Art, science, sports and a classic cabaret fill the week's calendar

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29 Wednesday

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  • Shutterstock.com
Family Star Party: Ever Changing Moon
The Space Foundation Discovery Center hosts these parties once a month all year round, offering outdoor education to “inspire the next generation of astronomy enthusiasts.” This month, enjoy special activities including pinwheel crafts illustrating the phases of the moon, and observations of the gibbous moon, Uranus and Andromeda in the night sky. If you want to hop inside to see the museum, too, admission is half-price and includes a Science On a Sphere presentation. Nov. 29, 6-8 p.m., Space Foundation, 4425 Arrowswest Drive, free for outdoor activities, discount museum admission available, discoverspace.org.

30 Thursday

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Champagne Cabaret
Earlier this year, Peaks and Pasties, the region’s first professional burlesque troupe, gave us another first — the first full-time local cabaret, teaming up with The Gold Room. Peaks and Pasties holds more Indy Best Of gold awards than we can count — the reigning queens and kings of the Naughty Business category. All Champagne Cabarets have their own theme; this weekend enjoy “A Burlesque Christmas Carol,” featuring holiday-themed acts. Nov. 30-Dec. 2, 9 p.m., The Gold Room, 18 S. Nevada Ave., $15-$25, goldroomlive.com.

30 Thursday

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COS Outdoor Sports & Rec Expo
Winter in Colorado doesn’t mean the same thing as winter anywhere else. Instead of forcing folks inside, it gives them the opportunity to strap sticks to their feet and go careening down icy slopes. Browse about 20 vendors and organizations including clubs, retail outfits, manufacturers and more, each with a focus on outdoor sports/recreation. Stick around afterward to network with the Colorado Springs Young Professionals, enjoying drinks and food at The Principal’s Office, Bristol Brewing Company and Axe and the Oak Whiskey House.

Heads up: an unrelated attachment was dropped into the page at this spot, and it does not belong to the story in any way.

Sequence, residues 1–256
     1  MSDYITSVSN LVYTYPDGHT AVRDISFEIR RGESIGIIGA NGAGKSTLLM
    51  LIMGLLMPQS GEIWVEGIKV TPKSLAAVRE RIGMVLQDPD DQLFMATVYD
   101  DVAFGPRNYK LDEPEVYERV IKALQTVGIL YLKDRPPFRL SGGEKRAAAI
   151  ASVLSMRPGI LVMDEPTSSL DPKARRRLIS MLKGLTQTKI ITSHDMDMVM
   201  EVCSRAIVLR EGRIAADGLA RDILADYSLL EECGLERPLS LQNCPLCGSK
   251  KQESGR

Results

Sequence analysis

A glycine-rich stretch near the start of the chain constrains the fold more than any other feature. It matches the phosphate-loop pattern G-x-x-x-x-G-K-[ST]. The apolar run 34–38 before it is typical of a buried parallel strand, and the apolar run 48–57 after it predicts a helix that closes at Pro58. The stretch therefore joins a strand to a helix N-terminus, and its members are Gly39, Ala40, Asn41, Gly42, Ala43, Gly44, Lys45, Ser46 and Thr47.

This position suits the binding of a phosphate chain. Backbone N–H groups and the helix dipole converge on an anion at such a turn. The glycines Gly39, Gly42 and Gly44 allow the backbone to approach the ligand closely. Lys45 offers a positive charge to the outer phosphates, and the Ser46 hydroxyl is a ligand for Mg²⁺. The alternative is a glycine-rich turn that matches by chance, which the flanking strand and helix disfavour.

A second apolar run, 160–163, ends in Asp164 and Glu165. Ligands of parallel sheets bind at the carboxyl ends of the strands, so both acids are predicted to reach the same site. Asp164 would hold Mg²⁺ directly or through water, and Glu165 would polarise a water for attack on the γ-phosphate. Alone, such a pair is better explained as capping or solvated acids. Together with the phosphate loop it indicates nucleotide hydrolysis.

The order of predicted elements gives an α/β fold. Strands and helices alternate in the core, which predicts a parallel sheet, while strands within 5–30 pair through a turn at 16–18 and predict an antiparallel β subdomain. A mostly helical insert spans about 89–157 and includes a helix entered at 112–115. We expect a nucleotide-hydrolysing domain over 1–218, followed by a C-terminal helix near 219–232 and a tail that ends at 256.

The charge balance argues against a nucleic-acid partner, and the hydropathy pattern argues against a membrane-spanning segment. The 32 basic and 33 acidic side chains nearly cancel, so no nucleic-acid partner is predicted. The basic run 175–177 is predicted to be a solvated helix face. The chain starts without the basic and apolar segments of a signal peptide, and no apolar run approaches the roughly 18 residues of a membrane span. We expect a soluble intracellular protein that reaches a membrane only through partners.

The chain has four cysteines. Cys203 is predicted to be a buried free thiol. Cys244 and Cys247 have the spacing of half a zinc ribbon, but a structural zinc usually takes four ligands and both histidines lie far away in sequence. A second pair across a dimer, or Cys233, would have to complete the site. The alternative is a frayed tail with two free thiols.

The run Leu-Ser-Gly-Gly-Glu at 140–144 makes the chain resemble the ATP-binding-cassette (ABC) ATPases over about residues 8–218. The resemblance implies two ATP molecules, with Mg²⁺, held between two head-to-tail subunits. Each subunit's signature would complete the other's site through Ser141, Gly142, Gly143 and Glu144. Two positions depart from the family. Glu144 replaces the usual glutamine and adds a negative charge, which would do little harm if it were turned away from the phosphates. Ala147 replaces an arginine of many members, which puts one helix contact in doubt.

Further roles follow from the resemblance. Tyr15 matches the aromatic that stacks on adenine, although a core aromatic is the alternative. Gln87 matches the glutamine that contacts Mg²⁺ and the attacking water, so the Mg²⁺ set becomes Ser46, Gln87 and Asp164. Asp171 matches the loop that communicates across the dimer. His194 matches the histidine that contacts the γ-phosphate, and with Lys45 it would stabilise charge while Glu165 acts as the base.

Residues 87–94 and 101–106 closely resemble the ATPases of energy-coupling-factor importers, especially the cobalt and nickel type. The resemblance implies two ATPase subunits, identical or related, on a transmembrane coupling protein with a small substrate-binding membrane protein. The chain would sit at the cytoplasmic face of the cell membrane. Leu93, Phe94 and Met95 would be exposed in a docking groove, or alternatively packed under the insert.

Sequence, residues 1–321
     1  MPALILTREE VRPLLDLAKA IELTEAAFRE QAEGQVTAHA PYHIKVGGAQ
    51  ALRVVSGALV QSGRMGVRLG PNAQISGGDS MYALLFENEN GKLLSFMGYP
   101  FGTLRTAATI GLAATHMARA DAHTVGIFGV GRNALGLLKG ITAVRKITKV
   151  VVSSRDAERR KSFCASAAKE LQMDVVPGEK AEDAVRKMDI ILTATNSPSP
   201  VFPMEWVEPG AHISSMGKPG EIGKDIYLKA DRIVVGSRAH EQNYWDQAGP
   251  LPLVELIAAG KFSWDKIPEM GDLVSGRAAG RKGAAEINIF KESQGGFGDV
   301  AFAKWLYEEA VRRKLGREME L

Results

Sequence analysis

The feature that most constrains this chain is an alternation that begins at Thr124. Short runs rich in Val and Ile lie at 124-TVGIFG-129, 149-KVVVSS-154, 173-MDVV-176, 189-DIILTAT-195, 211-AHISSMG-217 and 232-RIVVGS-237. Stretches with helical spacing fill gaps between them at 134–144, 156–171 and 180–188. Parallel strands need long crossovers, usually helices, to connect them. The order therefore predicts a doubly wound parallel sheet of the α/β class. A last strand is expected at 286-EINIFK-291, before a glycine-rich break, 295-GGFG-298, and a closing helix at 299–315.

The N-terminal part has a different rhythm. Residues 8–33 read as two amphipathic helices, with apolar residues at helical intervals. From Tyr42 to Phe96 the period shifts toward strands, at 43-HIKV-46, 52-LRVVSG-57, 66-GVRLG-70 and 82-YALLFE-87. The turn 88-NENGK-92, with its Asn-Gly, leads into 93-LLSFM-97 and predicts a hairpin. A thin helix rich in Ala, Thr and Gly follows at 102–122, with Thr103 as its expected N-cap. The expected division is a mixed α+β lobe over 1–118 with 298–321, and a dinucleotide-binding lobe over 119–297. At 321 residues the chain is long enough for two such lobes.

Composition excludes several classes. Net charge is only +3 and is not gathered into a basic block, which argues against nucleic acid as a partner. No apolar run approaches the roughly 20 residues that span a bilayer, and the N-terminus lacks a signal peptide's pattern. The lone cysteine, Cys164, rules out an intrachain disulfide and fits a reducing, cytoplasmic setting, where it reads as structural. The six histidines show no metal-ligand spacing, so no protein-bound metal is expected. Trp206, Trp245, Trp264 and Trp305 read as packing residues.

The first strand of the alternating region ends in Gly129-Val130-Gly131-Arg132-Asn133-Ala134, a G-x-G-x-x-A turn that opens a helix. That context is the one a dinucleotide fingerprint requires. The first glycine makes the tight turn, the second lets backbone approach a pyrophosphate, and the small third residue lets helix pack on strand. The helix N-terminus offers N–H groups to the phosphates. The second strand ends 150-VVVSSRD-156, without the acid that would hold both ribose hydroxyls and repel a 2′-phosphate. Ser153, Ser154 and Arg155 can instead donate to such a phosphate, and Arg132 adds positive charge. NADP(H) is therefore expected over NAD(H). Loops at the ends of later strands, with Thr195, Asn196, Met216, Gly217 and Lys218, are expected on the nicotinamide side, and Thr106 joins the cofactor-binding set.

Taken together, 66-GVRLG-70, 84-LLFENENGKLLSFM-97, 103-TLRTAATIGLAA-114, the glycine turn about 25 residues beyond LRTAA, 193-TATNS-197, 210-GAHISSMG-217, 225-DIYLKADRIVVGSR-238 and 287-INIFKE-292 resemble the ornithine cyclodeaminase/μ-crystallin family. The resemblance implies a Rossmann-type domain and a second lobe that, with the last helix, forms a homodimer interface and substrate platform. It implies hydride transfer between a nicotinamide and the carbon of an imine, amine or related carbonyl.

Nov. 30, 5-8 p.m., Ivywild School, 1604 S. Cascade Ave., csyoungprofessionals.com.

1 Friday

COURTESY GOCA
  • Courtesy GOCA
Iconoclasm
The concepts of iconoclasm and minimalism assert, essentially, that art does not need to represent or even convey any particular object or emotion, but can simply exist as it is, avoiding “overt symbolism.” Exploring that concept, Colorado artists Jonathan Dankenbring and Corey Drieth draw on their related interests: anthropology and spirituality/religion. Dankenbring is currently the Preparator at the Colorado Springs Fine Arts Center at Colorado College; Drieth teaches in the Visual and Performing Arts Department at UCCS. Opening reception, Dec. 1, 5-9 p.m., on display through March 17, GOCA 121, 121 S. Tejon St, #100, free, uccs.edu/goca.

Find even more weekly listings in each Wednesday issue of the Indy, and submit your own events here.

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